5 Mobile-friendly Website Tips
By Pam Baker
If your website contains a Content Management System (CMS), such as Drupal or WordPress, you’ll want to take a look at the plugins that are available for mobile editions. Plugins optimize your website for mobile viewing and are often the easiest options to use. Many are free, but some charge a premium.
“We have two go-to plugins for optimizing a WordPress website for mobile. Mobile from PluginBuddy, a premium plugin that starts at $45, is one. The support you receive for your $45 investment is stellar to say the least,” said Jarrod “Jay” Skeggs, partner at StudioD.tv. “WPtouch, a free plugin, is another. We have had good experience with it in the past.”
2. Consider DIY mobile website builders
“There are a number of sites that offer mobile website building services — often at no cost,” said Drew Barton, president and founder of Southern Web Group, a web design firm. “For example, Mobify has a free option. The service is widely used by some of the world’s leading publications.”
The dotMobi mobile website tool, Instant Mobilizer, is arguably the best known and is even incorporated on several leading website hosting services such as GoDaddy.com. However, dotmobi websites do not actually need third-party hosting.
“GoMobi websites are hosted ‘in the cloud’ by DotMobi, so SMBs don’t pay extra for hosting or have to worry about other technology aspects,” said Trey Harvin, CEO of DotMobi. “Since a GoMobi website works on all mobile handsets, it ensures a business is available on the complete range of mobiles available, not just iPhones and Androids.”
3. Avoid using Flash
“Get rid of Flash. Period, end of story,” said Kate McGinley, vice president of operations at McGinley Media Limited, a mobil app and website development firm. “It’s often not supported, and when it does, it takes too long to load, and you lose viewer interest.” Unfortunately, many regular websites do include Flash. Be extra careful to find it and eliminate it on the pages you want to be mobile friendly.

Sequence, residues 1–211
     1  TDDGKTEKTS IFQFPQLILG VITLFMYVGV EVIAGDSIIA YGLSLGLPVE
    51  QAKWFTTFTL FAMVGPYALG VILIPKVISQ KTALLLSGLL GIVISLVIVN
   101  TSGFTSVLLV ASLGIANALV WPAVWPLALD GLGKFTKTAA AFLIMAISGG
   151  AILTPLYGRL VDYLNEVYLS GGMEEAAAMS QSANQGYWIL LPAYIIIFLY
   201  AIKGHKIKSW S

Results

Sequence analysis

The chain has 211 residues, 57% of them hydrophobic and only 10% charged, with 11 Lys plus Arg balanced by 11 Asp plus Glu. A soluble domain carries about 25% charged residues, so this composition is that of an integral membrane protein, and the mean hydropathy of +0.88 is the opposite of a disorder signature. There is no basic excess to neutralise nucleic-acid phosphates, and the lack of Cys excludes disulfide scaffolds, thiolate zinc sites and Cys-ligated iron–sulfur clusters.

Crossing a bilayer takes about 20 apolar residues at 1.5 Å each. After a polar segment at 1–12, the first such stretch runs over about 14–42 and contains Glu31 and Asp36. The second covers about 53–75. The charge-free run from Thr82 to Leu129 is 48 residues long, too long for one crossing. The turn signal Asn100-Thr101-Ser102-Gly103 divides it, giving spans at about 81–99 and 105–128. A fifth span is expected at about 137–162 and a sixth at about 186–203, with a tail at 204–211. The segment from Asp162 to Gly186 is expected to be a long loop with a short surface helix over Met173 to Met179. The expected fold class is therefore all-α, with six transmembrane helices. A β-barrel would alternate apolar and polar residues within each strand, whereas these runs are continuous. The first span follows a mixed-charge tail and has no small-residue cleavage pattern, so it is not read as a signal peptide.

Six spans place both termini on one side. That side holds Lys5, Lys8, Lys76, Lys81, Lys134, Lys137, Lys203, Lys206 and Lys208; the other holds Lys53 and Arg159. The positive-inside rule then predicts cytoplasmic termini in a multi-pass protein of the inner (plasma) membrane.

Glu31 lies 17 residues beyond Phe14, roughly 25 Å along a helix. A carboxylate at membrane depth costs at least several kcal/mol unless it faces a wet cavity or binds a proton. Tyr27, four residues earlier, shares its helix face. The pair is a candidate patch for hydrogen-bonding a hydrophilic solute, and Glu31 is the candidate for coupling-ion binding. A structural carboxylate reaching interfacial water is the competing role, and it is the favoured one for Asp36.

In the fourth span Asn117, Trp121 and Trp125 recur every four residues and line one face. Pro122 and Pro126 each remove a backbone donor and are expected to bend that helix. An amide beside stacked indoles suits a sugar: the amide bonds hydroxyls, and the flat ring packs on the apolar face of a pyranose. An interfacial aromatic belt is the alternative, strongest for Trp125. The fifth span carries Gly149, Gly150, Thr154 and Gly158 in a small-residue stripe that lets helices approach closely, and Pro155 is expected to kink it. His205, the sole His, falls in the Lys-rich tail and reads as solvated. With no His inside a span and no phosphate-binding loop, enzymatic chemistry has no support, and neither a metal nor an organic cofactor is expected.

4. Keep the ‘Fat Finger’ in mind
Nothing detracts from a mobile experience more than a frustrated consumer unable to navigate a mobile site and click on hyperlinked text, warned Diane Buzzeo, CEO of Ability Commerce. Given the small size of a mobile screen, make text links larger for a mobile website. Similarly, make it easy for people browsing a phone to call you. “Phone numbers normally displayed in text can be enhanced with code to call upon touch,” she said. “Using TapToCall for customer service lines and other numbers is easy to integrate and a good alternative to advanced coding.”
5. Find good website models
Look at sites that have well-built mobile versions and how they contrast with their traditional desktop site. Amazon, Newegg and CNN are a few examples where you can draw inspiration and best practices. “You’ll find that they have removed animation and hover text, Web features that don’t transfer over to mobile devices well,” explained Buzzeo. “Take a cue from the leader in the industry and then test based on your own customer demographics.”
Testing is important in order to see your mobile website as your customers do. Testing on actual devices can be difficult, especially if you don’t already own all the devices you need to test. However, online testing sites are typically not as good as testing on the real device.
Try asking friends and customers to try your site on their device and offer feedback. This will dramatically reduce your testing cost, but it will also provide you with valuable insight into what your actual customers prefer to see on your new mobile-friendly website.
Pam Baker has written for numerous leading publications including, Institutional Investor magazine, CIO.com, NetworkWorld, ComputerWorld, IT World, Linux World, Internet News, E-Commerce Times, LinuxInsider, CIO Today Magazine, NPTech News (nonprofits), MedTech Journal, I Six Sigma magazine, Computer Sweden, the NY Times, and Knight-Ridder/McClatchy newspapers.